What is MDS?

Myelodysplastic syndromes (MDS, or myelodysplasia) are a group of diseases which all affect, to a greater or lesser extent, the production of normal blood cells in the bone marrow. MDS occurs as a result of a mutation in one or more of the genes that control blood cell development. These changes result in abnormal growth of blood stem cells.

The abnormal mutation is preserved when the affected stem cell divides and produces a “clone” with the same defect. This is why MDS is sometimes described as a “clonal blood stem cell disorder”. Mutations in dividing cells occur all the time and cells have clever ways of stopping these abnormalities persisting and causing problems within the body. The longer we live, however, the more chance we have of acquiring mutations that manage to escape these safe-guards. That is why MDS, like most  leukemias and other cancers, becomes more common as we get older.

In MDS, abnormal bone marrow stem cells (called blast cells) produce increased numbers of immature blood cells. These cells do not grow properly and often die prematurely. This results in lower numbers of mature red blood cells, white blood cells and platelets being produced. The blood cells that do survive are often of poor quality, are abnormal in shape (dysplastic) and are unable to function properly. This means that people with MDS often have a very active bone marrow but a low number of circulating blood cells.

Reading with my boys

How bad is my MDS?

There are different types of MDS and the disease can vary in its severity and the degree to which normal blood cell production is affected. Over 90% of people with MDS are over the age of 60. People with a mild case are often found to simply be a bit anaemic and have a low percentage of blast cells in their marrow (under 5%). Sadly, this is not my case. When I was originally diagnosed in late December, 13% of my bone marrow was made up of the blast cells, and the anemia I had because of it was very severe. I wouldn’t have lasted long before dying (a few weeks maybe…). This put me in a high risk MDS category.

Thankfully, diagnosing MDS with a bone marrow biopsy is a straight forward venture and there is no grey area as to whether MDS is actually what I have. In the same way, there is no grey area as to my treatment. Getting a whole new immune system is the only way forward. This means, I need a bone marrow transplant. If I didn’t get a bone marrow transplant and could just keep borrowing blood from the generous donors who’ve kept me going the last couple months, the blast cells would take over my marrow and eventually end up in my blood stream and that would be the end for me (in a matter of a few months).

Next steps…

  1. Find a donor: My middle sister is the closest match! Sadly, we are not a full match, which decreases chances of a successful transplant… but new data is showing that a half match sibling can be as good as a full match stranger. I am thrilled at the chance to be all the more bonded to my dear sister through this process.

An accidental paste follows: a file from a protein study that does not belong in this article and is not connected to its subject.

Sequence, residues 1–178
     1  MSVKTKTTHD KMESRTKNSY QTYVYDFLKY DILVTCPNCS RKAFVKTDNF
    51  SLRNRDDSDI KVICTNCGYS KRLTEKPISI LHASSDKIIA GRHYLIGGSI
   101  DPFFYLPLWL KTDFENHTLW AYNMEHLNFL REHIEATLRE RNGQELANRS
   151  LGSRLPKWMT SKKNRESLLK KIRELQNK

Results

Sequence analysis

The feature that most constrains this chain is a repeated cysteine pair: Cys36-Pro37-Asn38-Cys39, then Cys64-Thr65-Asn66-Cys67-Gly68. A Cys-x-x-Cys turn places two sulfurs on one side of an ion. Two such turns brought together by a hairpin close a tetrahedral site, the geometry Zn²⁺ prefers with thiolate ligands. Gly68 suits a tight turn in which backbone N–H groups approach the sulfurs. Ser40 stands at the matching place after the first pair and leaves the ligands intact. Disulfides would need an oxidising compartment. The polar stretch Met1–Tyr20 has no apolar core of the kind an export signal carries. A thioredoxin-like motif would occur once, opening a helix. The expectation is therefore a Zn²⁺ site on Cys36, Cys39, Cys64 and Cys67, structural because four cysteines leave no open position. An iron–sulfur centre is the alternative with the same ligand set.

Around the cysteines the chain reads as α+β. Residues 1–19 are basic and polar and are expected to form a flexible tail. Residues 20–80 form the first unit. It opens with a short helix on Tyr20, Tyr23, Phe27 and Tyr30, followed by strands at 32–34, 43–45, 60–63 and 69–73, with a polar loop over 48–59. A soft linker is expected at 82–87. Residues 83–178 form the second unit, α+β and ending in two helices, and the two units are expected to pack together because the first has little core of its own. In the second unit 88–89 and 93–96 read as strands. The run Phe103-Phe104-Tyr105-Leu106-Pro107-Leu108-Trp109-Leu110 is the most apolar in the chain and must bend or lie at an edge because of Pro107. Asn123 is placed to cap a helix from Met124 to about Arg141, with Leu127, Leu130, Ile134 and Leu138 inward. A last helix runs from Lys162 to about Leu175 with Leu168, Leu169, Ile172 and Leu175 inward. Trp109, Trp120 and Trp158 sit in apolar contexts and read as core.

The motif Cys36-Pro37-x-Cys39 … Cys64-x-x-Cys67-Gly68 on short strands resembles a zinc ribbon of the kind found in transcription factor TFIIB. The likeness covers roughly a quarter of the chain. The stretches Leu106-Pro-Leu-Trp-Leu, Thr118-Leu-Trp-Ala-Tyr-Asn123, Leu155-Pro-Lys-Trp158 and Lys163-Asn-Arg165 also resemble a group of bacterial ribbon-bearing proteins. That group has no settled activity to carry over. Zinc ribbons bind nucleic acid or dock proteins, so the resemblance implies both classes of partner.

2. Get blast cells DOWN: Unfortunately, one can’t just go in for a transplant with 13% blasts and expect good results. The chance of them sticking around and reproducing after the transplant is too high. I first underwent a month long cycle of a kind of chemotherapy called decitabine. Sadly this left my blast cells at 12%. Now we’re on to a heavier weight chemotherapy called vyxeos with the same purpose of getting the blasts low enough.
  3. Transplant: Blast cells down? We move on to full body radiation and myeloablative chemotherapy as an inpatient a few days before transplant day to ensure as much as possible that the new marrow engrafts. This comes with a load of tests right beforehand as well to make sure my body can handle the chemo.
  4. Post Transplant: More chemotherapy of a different flavor to subdue my sister’s fully developed cells, and keep them from full on attacking me (a small attack from her cells can actually be beneficial in finishing off the blast cells.)
  5. Isolation: I’ll be in the hospital in a special room while my immune system rebuilds from the ground up. This can take about a month. I can still see people but have to take great care to not get sick.
  6. I go home! Sadly, that’s not the end. My chances of survival are not an easy statistic to nail down since most people with high risk MDS are not in their 30s. What is clear is that the longer I stay alive post transplant, my chances of staying in remission improve. There is also the risk of chronic graft versus host disease… we’ll see when we get there.